I call my house Casa Neurosa, ostensibly referencing my penchant for taking in and rehabilitating wayward dogs with severe behavioral issues. Our current canine family members are Coco and Winifred, aged 16 and a little over one, respectively. Watch them snooze in my office all day, performing an expressive horizontal ballet I call “Sloth Lake,” and you’d never guess they were riddled with angst.
Coco’s reactivity has mellowed with old age and its attendant hearing and vision deficits. But Winnie’s anxiety is fresh and acute. We adopted her last March. It took six months, one in-home behavior specialist, and daily Prozac to get her to enjoy being outdoors, though she still won’t venture outside without my husband or me. She came out of her shell more rapidly inside the house, revealing her Tigger-level zest for life in all its splendor. We were baby stepping full steam ahead.
That is, until a week before Christmas. We were watching Die Hard (a Christmas movie; fight me). When Winnie saw John McClane’s plane descend, her dog brain computed our living room = LAX, c. 1987. Eyes white, she sprang from the sofa and shot under the dining room table. She’s avoided the room ever since. It doesn’t matter what’s on the TV or if the TV is even on: she steals frantic glances at it, cowers, trembles like the world is crashing down around her, and runs as far as she can from it to hide. It’s heartbreaking.
We’ve boosted Winnie’s pharmaceutical support, and I’ve restarted daily behavior modification sessions. Part of this is rewarding Winnie with certain super enticing (stinky) treats, but only when she ventures near the BIG SCARY THING. The goal is for her to eventually associate the TV with yummy snacks, like my husband and I do.
During our sessions, I frequently catch myself uttering soothing words: “Shh. It’s OK.” It can complicate counterconditioning, so I’ve been working hard to reverse this habit. And yet, a couple of weeks ago, I was reassuring a human loved one in crisis and said, “Shh. It’s OK” into my phone. Winnie startled from a dead sleep and began shaking, scanning for the BIG SCARY THING. Sure enough, I’d linked “Shh. It’s OK” to the BST. Now I keep the stinky treats coming and my stinking mouth shut unless I’m reinforcing her high five or leave it with an enthusiastic “yes!”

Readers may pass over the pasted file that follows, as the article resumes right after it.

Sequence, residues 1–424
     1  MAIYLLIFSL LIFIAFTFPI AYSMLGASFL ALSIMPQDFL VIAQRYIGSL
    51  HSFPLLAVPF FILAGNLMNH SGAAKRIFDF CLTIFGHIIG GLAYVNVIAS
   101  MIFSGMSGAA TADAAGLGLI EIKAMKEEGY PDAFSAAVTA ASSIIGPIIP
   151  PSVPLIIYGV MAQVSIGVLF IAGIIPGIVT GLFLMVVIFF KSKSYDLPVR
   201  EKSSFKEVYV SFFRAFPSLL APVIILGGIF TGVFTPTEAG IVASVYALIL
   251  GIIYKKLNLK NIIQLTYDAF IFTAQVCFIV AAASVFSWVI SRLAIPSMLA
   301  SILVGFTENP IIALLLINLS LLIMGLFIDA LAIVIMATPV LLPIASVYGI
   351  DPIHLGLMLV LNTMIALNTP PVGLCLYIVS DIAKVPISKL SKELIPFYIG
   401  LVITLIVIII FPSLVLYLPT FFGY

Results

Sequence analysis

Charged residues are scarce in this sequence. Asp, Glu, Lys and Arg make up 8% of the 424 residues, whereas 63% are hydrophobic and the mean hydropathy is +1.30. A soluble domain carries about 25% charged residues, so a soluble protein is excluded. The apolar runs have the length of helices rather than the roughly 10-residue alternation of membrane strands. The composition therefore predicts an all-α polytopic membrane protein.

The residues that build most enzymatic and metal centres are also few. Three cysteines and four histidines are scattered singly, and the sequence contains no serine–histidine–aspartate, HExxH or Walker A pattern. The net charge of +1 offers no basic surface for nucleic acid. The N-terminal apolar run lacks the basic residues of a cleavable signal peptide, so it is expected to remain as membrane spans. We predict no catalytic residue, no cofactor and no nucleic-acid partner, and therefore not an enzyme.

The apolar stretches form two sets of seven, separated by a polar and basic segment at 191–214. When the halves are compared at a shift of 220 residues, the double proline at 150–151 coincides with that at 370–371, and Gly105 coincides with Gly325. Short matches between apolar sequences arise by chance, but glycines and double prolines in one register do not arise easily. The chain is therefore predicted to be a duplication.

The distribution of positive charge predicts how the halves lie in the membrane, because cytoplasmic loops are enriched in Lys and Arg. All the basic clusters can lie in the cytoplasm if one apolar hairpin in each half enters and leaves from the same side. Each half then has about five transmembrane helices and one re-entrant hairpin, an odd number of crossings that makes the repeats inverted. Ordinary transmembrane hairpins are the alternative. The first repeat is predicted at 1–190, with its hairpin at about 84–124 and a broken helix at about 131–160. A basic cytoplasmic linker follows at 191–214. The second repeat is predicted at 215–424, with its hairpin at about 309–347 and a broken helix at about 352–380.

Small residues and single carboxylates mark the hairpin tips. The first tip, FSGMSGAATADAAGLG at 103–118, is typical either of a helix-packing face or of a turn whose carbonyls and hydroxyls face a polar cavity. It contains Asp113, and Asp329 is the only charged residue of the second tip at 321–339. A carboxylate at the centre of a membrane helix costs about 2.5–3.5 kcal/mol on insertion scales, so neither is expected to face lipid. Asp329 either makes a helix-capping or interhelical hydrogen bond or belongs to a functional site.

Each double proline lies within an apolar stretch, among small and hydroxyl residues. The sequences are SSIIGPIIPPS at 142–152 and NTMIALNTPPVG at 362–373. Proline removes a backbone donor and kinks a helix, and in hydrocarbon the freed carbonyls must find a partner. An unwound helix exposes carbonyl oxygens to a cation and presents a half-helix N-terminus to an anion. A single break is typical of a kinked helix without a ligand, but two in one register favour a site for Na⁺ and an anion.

Recent evidence notwithstanding, I have rehabilitated several fearful and reactive dogs successfully. I get them. I, too, am hardwired for anxiety. Case in point: as thrilled as I was to join Team Leff at the end of last year, the new gig threw my anxiety into beast mode. My fears had nothing to do with the work, my colleagues, or Leff’s culture, which couldn’t be more engaging, supportive, or fun. Deep, unhealed wounds from workplaces past, coupled with my hardwiring and irrational self-expectations—that’s what had me in knots.
My writing process mirrored my psyche. I was frozen in wordless agony or spewing ungainly word blobs I had to wrestle into coherence. I couldn’t get out of my own way. I couldn’t stop focusing on how I was doing instead of what I was doing. I tried stepping away, taking Wordle breaks, doing housework. But I’d knot back up as soon as I sat down to write again. I even tried affirmations: “You can do this! You are a seasoned professional!”
Mercifully, I had an epiphany: I’d been telling myself, “Shh. It’s OK.” With all my break-taking and motivational falderal, I had reinforced a link between anxiety and writing. I’d made writing a BIG SCARY THING I needed to escape. What I needed was to make like Yoda and just do the thing I’ve done for nearly three decades. I can crank out some righteous copy when I’m on a tight turnaround or smack upside a deadline. Because there’s no time to try, only do.
As much as I’ve pretended otherwise, plying myself with treats while writing is stress eating and not behavior modification. Instead, I’m healing past workplace injuries and experimenting with ways to get my Jedi on. Music, meditation, coloring, charades with the dogs—anything to get grounded before I sit down to work. I’m resetting my mental and emotional associations with writing (and work in general) by tweaking my environment and perspective.
Counterconditioning. Turns out that shit works on humans, too.